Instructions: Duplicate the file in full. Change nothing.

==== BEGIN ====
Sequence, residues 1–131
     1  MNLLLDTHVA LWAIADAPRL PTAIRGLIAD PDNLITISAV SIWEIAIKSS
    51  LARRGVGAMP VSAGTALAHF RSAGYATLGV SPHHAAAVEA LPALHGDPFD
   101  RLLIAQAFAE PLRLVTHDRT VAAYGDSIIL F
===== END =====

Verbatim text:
Sequence, residues 1–131
     1  MNLLLDTHVA LWAIADAPRL PTAIRGLIAD PDNLITISAV SIWEIAIKSS
    51  LARRGVGAMP VSAGTALAHF RSAGYATLGV SPHHAAAVEA LPALHGDPFD
   101  RLLIAQAFAE PLRLVTHDRT VAAYGDSIIL F